The industry association for Switzerland’s gold refiners said its members didn’t import gold from Russia last month, raising questions about who bought the country’s precious metals.
Over 3 tons of gold—worth about $200 million—was shipped from Russia to Switzerland in May, almost all of which was marked as being for refining, according to data from the Swiss Federal Customs Administration. It was the first recorded shipment between the countries since February, when the war in Ukraine began.
Despite Russian gold exports not being sanctioned by Europe, the refining industry’s move to distance itself from the contentious shipments shows the reputation risks of dealing in the nation’s commodities and of being seen to indirectly finance Moscow’s war on Ukraine.
“After contacting its members, the ASFCMP confirms that none of its members are responsible for these imports,” the Swiss Association of Manufacturers and Traders of Precious Metals said in a statement Thursday. “Although Swiss legislation and sanctions do not prohibit the import of Russian gold into Switzerland, the ASFCMP would like to reiterate that dubious gold has no place in Switzerland.”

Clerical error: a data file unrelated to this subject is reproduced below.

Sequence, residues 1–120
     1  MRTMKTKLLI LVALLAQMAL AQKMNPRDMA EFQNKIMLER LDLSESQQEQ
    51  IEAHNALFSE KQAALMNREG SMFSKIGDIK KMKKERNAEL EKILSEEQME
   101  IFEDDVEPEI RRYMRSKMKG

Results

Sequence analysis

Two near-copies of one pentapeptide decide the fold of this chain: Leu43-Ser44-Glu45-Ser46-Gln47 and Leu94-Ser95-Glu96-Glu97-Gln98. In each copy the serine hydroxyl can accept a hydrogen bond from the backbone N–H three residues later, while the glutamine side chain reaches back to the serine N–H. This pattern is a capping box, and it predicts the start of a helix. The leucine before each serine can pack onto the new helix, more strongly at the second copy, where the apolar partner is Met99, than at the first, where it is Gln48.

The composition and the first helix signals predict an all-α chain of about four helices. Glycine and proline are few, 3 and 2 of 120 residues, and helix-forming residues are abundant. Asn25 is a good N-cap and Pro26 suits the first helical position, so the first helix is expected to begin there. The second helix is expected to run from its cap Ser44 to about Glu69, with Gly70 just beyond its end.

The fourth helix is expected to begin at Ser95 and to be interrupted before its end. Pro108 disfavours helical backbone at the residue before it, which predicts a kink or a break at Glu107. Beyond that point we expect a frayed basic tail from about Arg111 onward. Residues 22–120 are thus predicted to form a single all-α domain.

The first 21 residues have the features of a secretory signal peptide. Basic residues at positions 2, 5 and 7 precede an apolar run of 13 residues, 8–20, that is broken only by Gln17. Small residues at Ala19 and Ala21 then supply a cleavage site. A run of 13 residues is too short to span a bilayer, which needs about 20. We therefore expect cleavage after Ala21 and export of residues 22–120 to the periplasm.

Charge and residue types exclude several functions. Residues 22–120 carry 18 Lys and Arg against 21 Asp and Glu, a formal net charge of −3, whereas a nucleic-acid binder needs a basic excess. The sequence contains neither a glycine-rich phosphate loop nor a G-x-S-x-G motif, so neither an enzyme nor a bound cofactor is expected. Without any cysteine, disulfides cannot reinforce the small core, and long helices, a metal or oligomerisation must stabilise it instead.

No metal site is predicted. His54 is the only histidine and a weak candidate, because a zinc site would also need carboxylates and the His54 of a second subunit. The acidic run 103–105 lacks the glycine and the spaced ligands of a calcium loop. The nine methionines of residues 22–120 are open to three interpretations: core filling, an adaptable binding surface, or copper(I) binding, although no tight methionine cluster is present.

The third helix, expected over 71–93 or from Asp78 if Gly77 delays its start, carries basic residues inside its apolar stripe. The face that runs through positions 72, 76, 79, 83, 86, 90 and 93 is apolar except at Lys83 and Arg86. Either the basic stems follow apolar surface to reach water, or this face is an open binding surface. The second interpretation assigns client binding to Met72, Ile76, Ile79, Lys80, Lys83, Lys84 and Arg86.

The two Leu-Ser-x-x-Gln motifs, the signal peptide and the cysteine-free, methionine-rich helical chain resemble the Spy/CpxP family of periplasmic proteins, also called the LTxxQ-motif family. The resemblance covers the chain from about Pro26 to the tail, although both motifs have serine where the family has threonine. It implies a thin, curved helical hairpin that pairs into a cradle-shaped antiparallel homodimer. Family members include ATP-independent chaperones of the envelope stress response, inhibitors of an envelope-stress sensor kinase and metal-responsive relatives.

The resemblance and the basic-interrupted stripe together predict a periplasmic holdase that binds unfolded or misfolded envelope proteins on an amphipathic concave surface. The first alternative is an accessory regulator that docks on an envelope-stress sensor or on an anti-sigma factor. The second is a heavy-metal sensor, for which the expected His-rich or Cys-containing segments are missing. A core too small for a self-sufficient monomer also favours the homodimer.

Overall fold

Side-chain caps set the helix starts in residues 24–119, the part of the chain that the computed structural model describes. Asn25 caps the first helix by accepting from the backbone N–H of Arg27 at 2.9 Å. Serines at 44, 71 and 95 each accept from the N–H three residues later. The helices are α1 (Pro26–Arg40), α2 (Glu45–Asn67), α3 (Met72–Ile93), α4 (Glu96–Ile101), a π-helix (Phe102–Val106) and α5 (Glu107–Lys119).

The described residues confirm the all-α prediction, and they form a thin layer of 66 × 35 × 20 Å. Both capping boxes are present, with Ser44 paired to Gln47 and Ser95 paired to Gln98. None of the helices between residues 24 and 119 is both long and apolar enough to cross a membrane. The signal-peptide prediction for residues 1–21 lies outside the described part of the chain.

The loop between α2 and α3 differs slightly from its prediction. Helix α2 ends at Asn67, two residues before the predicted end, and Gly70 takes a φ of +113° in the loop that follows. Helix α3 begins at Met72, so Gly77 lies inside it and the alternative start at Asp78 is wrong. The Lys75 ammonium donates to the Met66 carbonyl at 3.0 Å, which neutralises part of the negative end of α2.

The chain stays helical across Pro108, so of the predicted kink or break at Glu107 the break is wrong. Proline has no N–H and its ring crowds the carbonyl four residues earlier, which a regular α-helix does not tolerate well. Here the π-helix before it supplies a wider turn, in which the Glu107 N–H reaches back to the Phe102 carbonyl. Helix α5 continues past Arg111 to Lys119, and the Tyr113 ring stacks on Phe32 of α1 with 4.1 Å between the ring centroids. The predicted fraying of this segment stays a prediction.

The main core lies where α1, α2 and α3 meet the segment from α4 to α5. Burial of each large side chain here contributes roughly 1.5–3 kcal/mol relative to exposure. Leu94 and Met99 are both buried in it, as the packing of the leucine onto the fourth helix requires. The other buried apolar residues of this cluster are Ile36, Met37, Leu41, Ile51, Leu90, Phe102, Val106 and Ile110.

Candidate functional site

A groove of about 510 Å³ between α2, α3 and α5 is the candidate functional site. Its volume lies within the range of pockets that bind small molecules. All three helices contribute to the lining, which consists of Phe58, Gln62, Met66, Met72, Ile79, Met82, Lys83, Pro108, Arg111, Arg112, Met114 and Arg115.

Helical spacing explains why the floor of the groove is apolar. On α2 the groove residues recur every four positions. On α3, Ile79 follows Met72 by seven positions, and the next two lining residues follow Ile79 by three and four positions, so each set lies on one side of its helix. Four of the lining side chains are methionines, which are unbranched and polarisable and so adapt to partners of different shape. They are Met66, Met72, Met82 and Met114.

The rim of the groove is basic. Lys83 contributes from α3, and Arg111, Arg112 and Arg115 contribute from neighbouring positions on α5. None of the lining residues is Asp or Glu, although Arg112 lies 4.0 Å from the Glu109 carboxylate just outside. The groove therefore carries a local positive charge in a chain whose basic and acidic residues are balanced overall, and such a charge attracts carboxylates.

The statement raises questions about the identity of the end-buyers, as the ASFCMP’s 14 members include all the major refineries in Switzerland which dominate the processing of precious metals globally. Buying them from Russia became taboo within the industry following the country’s invasion of Ukraine.
In March, the London Bullion Market Association quickly removed the country’s own refiners from its accredited list, a move perceived as a de facto ban on bullion from the world’s second biggest producer. Still, the rules don’t prohibit other LBMA-approved refiners from buying metal originating from Russia’s mines.
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